Canadian Poetry Awards

The official notice is now online, but I've heard it first via someone who was there.  Suzanne Buffam won the Gerald Lampert Memorial Award for Best First Book of Poetry for her collection, Past Imperfect.

Past Imperfect
Suzanne Buffam

The debut poetry collection by the winner of the 1998 CBC Literary Award.

There is the heartbreak tied to human love and there is heartbreak that points to notions of the divine. The poems in Suzanne Buffam's début collection, Past Imperfect, enter the darkness of both — at times simultaneously — giving utterance to the breakage and shards of weak light found therein. Employing humour and directness to equal effect, Past Imperfect admits the self is fluid; so we wave farewell to many "selves."

These are poems of great intensity, driven by intelligence, tracing the barely knowable contours of a soul-in-progress. In a voice as confident, elegant, and vivid as it is brimming with doubt, Past Imperfect employs recurrent images like echoes or quiet obsessions. These become totems of absence, of presence, of the potential "other," or simply, of the world as it is: breathtakingly beautiful, refusing to minister to our solitude.

And Saskatchewanian, Sylvia Legris, comes home a winner again, bringing along the Pat Lowther Memorial Award for best book by a woman for Nerve Squall, her third book of poetry.

Nerve Squall

By Sylvia Legris
ISBN: 1552451607 Price: CDN $16.95
Pages: 128
Format: Paperback
Published: Fall, 2005

Sonic
congestion.

Purgatorial
traffic jam: corkscrewing

countercochlearwise
the only way out.

Nerve Squall is a field guide like no other, a surreal handbook to a landscape at the crossroads of meteorology and neurology, where the electrical storms without and the electrical impulses within converge.

Legris’s fascination with weather, ghosts and brain disorders is the starting point for a collection of poetry that ensures you’ll never look at nature the same way again. You’ll find snow golems and ghost cats, and a sky filled with fish swimming the winds of a storm. And you’ll find a haunted terrain where the natural world becomes an allegory for our most intimate fears.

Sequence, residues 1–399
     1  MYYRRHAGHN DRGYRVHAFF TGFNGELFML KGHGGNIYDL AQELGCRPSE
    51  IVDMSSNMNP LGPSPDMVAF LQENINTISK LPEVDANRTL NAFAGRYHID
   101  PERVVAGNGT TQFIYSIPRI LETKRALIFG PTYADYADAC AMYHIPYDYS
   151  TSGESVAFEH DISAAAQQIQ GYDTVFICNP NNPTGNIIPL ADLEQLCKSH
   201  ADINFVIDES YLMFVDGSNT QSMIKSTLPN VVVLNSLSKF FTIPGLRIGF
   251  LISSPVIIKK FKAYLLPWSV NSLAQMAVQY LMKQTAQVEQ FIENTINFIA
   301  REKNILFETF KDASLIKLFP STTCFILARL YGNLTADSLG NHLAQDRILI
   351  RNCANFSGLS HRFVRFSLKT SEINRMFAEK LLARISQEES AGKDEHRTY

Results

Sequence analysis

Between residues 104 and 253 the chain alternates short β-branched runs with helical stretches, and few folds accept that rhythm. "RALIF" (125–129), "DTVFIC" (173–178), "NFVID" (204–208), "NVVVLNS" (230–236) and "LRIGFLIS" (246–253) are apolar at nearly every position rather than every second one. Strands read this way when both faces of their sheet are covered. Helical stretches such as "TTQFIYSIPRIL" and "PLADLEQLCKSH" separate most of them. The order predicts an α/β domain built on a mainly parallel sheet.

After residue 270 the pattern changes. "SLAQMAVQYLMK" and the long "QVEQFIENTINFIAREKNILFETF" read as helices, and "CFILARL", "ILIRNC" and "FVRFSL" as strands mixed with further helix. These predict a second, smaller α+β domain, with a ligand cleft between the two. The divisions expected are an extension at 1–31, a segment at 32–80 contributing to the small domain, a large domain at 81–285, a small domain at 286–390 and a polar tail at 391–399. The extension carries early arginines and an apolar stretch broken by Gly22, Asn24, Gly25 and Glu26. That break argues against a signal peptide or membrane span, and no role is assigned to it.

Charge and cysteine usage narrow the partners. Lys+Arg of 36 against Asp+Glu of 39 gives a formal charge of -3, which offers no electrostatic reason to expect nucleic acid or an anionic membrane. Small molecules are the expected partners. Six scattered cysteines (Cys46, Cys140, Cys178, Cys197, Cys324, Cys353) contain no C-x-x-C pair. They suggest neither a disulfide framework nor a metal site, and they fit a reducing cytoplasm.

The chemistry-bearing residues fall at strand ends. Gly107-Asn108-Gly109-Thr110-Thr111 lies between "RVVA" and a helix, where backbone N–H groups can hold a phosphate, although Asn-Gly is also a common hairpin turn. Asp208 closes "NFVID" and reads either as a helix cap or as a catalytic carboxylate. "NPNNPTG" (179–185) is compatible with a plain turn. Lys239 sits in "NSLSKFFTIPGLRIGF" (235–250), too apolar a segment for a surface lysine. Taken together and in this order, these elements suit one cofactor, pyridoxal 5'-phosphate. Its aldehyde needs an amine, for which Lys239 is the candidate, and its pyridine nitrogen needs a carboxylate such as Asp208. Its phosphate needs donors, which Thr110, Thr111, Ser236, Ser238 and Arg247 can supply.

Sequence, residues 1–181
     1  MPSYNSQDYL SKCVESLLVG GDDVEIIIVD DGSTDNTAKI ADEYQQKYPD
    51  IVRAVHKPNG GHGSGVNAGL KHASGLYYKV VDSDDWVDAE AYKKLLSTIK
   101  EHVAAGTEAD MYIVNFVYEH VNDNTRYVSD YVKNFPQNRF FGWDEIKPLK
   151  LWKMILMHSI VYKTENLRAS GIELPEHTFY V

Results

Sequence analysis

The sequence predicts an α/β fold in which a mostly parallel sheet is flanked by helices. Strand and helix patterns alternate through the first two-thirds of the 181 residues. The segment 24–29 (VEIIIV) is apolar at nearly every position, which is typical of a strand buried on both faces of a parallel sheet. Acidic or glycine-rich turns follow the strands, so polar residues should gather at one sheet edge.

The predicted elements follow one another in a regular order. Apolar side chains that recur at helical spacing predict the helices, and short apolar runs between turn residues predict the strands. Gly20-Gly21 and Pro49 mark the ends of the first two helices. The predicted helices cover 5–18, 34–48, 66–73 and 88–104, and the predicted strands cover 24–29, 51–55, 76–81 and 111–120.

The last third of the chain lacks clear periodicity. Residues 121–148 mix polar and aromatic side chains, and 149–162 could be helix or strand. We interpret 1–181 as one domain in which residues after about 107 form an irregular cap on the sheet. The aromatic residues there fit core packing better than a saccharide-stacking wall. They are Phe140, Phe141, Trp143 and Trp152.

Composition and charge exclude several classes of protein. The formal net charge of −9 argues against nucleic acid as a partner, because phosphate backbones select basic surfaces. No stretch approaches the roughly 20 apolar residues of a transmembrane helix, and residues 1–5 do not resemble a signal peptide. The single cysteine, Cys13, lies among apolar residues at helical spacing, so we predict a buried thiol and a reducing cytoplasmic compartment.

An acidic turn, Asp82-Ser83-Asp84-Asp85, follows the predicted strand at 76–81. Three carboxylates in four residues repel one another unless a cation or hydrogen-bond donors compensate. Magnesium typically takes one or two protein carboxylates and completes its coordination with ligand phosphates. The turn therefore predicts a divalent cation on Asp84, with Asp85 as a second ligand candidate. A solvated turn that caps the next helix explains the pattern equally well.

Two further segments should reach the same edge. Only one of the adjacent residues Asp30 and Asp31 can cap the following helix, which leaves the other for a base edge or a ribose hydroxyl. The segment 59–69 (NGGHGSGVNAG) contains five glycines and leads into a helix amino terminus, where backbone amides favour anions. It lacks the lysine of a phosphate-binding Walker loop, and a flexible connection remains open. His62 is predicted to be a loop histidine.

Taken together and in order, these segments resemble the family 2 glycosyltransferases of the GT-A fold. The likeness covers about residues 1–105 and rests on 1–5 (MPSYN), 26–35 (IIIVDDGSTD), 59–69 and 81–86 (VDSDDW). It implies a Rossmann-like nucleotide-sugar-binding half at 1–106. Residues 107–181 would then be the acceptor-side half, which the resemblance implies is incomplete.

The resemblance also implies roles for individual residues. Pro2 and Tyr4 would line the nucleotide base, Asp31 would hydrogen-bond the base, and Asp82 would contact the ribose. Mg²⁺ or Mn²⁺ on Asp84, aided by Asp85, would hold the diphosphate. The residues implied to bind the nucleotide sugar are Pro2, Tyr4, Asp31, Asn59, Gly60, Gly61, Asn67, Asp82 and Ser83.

Despite their dark and often cinematic approach, these poems are also tinged with a sly, apocalyptic wit that can’t help but laugh as the sky falls.

Nerve Squall is a vital exploration of the symbiosis of storm, nerve and language, a sure-handed guide to the end of the world.

‘Legris loves language, the way it radiates, not just for what it can say by syntactic regularity and accumulation, but for its cellular resonances … Powerful resonance is created over a whole page with a minimum of words, in a sculpture that hardly qualifies as verse as we commonly know it. But there is no question that it is poetry, and [that it] is the use of words at its most pared. Here is Legris’ brilliance, her knife-edged attention at its finest.’ – Open Letter

The awards were handed out in Ottawa on June 10 at the League of Canadian Poets Annual General Meeting. Each award carries a $1,000 prize. Congrats to both poets!

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